LONDON — Global shares tumbled for a sixth day on Thursday and oil prices slid to levels not seen since the early 2000s, after China guided the yuan lower and Shanghai shares tumbled by 7%, igniting fears of competitive devaluations across Asia.
Less than half an hour after the market opened, Chinese stock trading was suspended for a second time this week.
Brent crude prices skidded over 5% to an almost-12-year-low of $32.16, with worries over weaker demand from China adding to a persistent drag on prices caused by oversupply and near-record output levels.
European stock markets followed Asia lower, with the pan-European FTSEurofirst 300 index down 2.3% and the eurozone’s blue-chip Euro STOXX index falling 2.5%. MSCI’s 46-country All World index fell 1% to hit a three-month low, the sixth straight day of losses. The benchmark emerging stock index slid 2.5% to a six-and-a-half-year low as investors dumped risky assets.
"It’s looking pretty ugly," said ACIES Asset Management hedge fund manager and chief investment officer Andreas Clenow in Zurich. "We’ve been scaling down equity positions. It’s time to take a step back to re-evaluate the situation."
The People’s Bank of China (PBOC) set the yuan midpoint rate at 6.5646 per dollar, 0.5% weaker than the previous day’s fix. That was the biggest decline between daily fixings since August and the eighth day in row the PBOC had set a lower guidance rate.
Spot yuan fell to 6.5956 to the dollar, its weakest since February 2011. The offshore yuan rate hit a record low of 6.7600 to the dollar, before erasing its losses after suspected intervention by authorities.
Other regional currencies followed the yuan down as markets began to worry about competitive currency devaluations from trading partners. Singapore’s dollar hit a six-year low, the South Korean won touched a four-month low, and the Malaysian ringgit slumped to a three-month trough.
Investors fear China’s economy is even weaker than had been imagined, with Beijing, in a bid to help exporters, allowing the yuan’s depreciation to accelerate.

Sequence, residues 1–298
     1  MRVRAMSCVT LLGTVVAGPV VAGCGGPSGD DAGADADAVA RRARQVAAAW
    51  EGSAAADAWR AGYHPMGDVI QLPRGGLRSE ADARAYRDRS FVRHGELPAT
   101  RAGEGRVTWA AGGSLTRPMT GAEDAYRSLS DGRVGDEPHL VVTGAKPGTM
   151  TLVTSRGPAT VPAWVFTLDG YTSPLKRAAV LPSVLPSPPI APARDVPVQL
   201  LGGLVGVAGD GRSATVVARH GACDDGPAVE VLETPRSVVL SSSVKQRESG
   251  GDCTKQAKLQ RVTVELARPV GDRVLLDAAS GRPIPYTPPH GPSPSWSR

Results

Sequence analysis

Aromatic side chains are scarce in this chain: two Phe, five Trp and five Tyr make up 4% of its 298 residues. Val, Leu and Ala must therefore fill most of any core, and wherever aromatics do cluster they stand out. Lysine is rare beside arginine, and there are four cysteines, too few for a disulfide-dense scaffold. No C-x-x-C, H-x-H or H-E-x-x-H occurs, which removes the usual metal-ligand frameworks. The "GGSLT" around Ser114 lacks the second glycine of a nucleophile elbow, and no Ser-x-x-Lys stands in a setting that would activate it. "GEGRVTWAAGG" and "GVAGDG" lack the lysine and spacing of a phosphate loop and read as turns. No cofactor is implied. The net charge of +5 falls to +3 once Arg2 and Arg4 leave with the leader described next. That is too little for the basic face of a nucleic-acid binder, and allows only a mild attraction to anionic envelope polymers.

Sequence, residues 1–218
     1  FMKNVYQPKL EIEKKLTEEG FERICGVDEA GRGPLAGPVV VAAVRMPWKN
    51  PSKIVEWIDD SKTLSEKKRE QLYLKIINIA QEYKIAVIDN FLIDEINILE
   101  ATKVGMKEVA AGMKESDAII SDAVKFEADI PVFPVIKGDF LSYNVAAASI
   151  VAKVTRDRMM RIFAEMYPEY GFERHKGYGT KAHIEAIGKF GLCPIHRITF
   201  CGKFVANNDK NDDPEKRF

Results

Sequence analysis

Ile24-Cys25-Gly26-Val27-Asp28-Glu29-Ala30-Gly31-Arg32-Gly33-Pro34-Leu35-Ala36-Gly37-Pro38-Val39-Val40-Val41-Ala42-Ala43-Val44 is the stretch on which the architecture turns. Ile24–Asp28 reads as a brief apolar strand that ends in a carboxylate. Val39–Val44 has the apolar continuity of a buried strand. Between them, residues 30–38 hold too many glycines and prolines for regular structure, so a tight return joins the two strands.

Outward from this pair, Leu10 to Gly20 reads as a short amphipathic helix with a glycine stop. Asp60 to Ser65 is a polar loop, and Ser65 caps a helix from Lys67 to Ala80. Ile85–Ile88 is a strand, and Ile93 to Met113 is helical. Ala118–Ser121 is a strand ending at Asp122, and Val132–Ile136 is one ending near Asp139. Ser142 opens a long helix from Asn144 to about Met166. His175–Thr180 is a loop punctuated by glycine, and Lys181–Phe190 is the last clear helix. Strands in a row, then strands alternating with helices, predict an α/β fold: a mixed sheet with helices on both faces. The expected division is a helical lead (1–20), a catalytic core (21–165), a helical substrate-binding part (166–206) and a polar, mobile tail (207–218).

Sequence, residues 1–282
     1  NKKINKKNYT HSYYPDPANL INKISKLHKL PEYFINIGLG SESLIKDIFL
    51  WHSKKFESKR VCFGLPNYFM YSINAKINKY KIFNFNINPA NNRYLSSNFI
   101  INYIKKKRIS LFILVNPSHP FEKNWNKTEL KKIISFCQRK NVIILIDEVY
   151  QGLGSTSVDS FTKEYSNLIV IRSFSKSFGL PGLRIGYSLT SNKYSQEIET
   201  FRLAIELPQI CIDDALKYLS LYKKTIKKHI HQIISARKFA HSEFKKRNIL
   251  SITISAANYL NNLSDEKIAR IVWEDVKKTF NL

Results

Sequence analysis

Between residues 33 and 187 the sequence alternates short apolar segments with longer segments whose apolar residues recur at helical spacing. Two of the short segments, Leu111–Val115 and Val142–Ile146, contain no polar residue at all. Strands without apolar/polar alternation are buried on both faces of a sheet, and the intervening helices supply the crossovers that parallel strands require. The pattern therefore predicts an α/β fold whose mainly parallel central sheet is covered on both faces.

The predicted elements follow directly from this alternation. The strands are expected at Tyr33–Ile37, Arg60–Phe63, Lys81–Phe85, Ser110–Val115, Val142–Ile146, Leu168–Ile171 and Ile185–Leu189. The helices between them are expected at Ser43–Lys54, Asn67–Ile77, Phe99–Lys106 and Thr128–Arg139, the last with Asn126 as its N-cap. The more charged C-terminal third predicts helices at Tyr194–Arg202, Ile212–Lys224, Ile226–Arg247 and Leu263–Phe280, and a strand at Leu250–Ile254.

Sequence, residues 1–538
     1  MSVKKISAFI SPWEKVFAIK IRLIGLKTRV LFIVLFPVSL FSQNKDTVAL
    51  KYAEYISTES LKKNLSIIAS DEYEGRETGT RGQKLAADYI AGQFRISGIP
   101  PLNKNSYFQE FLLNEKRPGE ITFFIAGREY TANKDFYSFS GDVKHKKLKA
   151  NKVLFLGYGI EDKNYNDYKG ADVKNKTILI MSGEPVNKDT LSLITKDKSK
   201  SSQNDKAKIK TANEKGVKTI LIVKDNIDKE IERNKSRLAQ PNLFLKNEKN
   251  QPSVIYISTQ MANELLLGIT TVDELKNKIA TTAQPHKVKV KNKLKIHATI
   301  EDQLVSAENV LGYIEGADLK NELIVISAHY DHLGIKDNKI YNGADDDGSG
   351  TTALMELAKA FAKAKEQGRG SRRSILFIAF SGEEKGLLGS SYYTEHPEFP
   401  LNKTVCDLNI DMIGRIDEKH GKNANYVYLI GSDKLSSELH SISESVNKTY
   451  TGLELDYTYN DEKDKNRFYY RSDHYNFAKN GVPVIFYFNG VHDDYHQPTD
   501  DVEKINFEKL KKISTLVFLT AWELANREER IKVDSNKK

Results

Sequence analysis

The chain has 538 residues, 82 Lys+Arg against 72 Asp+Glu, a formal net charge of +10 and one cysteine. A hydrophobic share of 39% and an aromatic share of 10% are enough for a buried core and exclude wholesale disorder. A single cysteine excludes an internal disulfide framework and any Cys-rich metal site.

"The lower yuan fixing probably signifies greater risks to the Chinese economy than we know of, leading to risk-off trades," said CIBC World Markets head of currency strategy Jeremy Stretch.
Flight to safety
North Korea’s announcement on Wednesday that it had successfully conducted a test of a hydrogen nuclear device added to a growing list of geopolitical worries for investors.
"Geopolitical tensions stemming from Saudi-Iran tensions and North Korea’s nuclear test had already heightened the ‘risk off’ mood," said Monex Securities chief strategist Takashi Hiroki in Tokyo. "Resurfacing China risk was the extra psychological blow to the markets that led to the selloff in equities."
As investors fled to safety, the yen rose about 1% to 117.615 per dollar, its strongest in four-and-a-half years.
Top-rated German bonds, which are also considered a safe haven, benefited, too. Ten-year yields dropped below 0.50% for the first time in over a month.
Earlier, MSCI’s broadest index of Asia-Pacific shares outside Japan dropped 2% to its lowest since late September. Japan’s Nikkei shed 2.2%.
New rules Chinese authorities introduced this week that restrict selling by large shareholders did not go down well with investors and provided little tonic to jittery markets.
"This is crazy. Chinese regulators set off on this path in July and they cannot get out of it. They have ruined whatever hope investors still had in the market," said Mandarin Capital Partners founder Alberto Forchielli in Hong Kong.